Past Continuous Tense in French

Valorie Delp
french class

The past continuous tense in French is generally expressed using the imparfait. It is used to express something that was ongoing in the past, or something that was happening when something else happened. A good way to think of the past continuous tense in French is that whenever you would use a verb ending in -ing, to describe something in the past -- you're using the past continuous tense. (In French, that's called the imparfait.)

Past Continuous Tense in French: Imparfait

The most common way to express the idea that something happened in the past but was ongoing, or impermanent is by using the imparfait. You should use the imparfait when you are talking about:

Time, Weather, Age and Feelings

  • Il était cinq heures quand j'ai quitté. It was five o'clock when I left.
  • Il pleuvait des cordes. It was pouring rain.
  • J'avais seize ans quand j'ai commencé à travailler. I was sixteen when I got my first job.
  • J'étais tellement en colère. I was so angry.

Actions in the Past That Happened Repeatedly or Didn't End

  • L'année dernière, je jouais sur l'équipe de football. Last year I played on a soccer team.
  • J'attendais recevoir un coup de fil. I was waiting for a phone call.

Use With Passé Composè for Background Information

eiffel towers
  • Je faisais la queue quand j'ai vu l'accident. I was waiting in line when I saw the accident.
  • Nous regardions le match quand nous avons entendu le bruit. We were watching the game when we heard the noise.

Conditional Sentences

  • Si je pouvais, je vous aiderais. If I could help you, I would.
  • Si j'avais de l'argent, je te le donnerais. If I had the money, I would give it to you.

Using Être en Train De and Venir De In the Past

  • J'étais en train de nettoyer. I was just (in the middle of) cleaning.
  • Elle venait de sortir. She had just gone out.

How to Conjugate the Imparfait

The imparfait is actually one of the easier tenses to conjugate in French. It's a simple tense (meaning that it only requires one verb as opposed to a compound tense like passé composé which requires an auxiliary verb). The only irregularities are some spelling changes as noted below.

Conjugating the Imparfait

For any verb, you conjugate the imparfait by taking the nous form of the verb and dropping the '-ons' and adding the appropriate imparfait ending as follows:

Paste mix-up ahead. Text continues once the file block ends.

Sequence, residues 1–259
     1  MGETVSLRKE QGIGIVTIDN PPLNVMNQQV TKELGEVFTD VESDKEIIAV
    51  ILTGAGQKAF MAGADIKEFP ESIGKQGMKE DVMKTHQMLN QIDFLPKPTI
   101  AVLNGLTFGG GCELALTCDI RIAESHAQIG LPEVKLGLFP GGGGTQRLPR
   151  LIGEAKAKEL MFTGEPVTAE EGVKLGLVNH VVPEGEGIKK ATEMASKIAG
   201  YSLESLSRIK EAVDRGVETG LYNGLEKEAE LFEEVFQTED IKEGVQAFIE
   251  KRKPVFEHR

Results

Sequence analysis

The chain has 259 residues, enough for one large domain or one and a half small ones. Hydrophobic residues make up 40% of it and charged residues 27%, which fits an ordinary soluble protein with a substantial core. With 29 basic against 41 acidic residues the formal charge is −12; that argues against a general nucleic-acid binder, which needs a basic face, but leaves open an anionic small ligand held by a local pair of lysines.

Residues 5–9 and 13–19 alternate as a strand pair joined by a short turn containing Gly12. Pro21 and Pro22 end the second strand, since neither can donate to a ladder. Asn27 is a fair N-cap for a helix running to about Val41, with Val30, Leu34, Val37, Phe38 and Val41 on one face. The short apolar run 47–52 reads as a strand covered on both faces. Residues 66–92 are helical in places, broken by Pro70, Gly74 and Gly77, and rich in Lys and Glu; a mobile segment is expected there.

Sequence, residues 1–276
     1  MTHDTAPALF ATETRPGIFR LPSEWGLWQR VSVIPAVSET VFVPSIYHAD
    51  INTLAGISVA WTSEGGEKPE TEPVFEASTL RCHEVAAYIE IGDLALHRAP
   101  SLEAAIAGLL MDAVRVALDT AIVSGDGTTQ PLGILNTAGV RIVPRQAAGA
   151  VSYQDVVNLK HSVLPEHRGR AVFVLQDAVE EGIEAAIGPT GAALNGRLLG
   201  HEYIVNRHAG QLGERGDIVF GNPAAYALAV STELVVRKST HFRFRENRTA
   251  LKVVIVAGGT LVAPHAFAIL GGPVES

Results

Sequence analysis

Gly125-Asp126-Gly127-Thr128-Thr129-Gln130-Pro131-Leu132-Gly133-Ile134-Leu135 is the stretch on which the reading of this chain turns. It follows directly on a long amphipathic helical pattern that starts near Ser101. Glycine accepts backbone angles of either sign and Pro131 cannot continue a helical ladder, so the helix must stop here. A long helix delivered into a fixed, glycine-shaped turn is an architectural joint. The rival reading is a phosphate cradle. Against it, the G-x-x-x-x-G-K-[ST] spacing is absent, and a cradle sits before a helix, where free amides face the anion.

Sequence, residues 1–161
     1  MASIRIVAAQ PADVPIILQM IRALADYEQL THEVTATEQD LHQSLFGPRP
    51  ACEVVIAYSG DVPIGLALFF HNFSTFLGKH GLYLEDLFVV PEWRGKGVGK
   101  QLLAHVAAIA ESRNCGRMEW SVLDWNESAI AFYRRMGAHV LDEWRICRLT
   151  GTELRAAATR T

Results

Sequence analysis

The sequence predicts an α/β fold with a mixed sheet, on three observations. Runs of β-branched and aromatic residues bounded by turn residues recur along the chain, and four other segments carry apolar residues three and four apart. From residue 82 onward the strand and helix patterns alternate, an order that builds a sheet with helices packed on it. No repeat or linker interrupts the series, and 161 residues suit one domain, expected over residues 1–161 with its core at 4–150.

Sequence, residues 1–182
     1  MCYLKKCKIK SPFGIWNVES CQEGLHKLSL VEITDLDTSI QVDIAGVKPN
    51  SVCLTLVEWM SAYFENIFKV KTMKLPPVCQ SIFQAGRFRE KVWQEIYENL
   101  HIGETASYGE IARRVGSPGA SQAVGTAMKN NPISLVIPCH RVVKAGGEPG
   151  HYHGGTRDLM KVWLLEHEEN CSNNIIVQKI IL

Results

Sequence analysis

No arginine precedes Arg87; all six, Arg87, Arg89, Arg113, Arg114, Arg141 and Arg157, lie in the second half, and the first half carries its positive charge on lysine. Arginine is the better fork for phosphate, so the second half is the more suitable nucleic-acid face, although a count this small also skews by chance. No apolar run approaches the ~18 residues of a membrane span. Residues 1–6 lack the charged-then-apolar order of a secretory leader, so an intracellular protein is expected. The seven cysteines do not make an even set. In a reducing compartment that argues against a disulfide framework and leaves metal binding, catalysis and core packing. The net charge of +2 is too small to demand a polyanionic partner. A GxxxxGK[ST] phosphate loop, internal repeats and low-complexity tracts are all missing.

Imparfait
je -ais nous -ions
tu -ais vous -iez
il/elle/on -ait ils/elles -aient

Exceptions and Examples

There is always at least one exception to the rule. In this case the exception is minor and still very easy to remember. The verb 'être' is conjugated in the imparfait by using the stem '-ét'. Look at the chart below for examples:

Conjugating the Imparfait
Avoir Être Aller Jouer Dormir Prendre Voir
j'avais j'étais j'allais je jouais je dormais je prenais je voyais
tu avais tu étais tu allais tu jouais tu dormais tu prenais tu voyais
il avait il était il allait il jouait il dormait il prenait il voyait
nous avions nous étions nous allions nous jouions nous dormions nous prenions nous voyions
vous aviez vous étiez vous alliez vous jouiez vous dormiez vous preniez vous voyiez
ils avaient ils étaient ils allaient ils jouaient ils dormaient ils prenaient ils voyaient

Spelling Irregularities and Notes

There's always at least one exception to the rule! Make sure you note these exceptions when you're working in the imparfait:

  • Verbs that end in -ger, and -cer have slight spelling modifications to maintain the soft c and g.
Manger and Lancer in the Imparfait
je mangeais je lançais
tu mangeais tu lançais
il mangeait il lançait
nous mangions nous lancions
vous mangiez vous lanciez
ils mangeaient ils lançaient
  • While it might look funny to you, verbs whose first person plural root (the nous form of the verb) end in i, have a double i in the nous and vous forms of the imparfait. Therefore, étudier, becomes: étudiions and étudiiez

The imparfait is one of the easiest verb tenses to conjugate because there are very few irregularities. The trick is to figure out when to use it as opposed to the passé composé. However, with practice you'll be on your way to speaking like a true Francophone!

Past Continuous Tense in French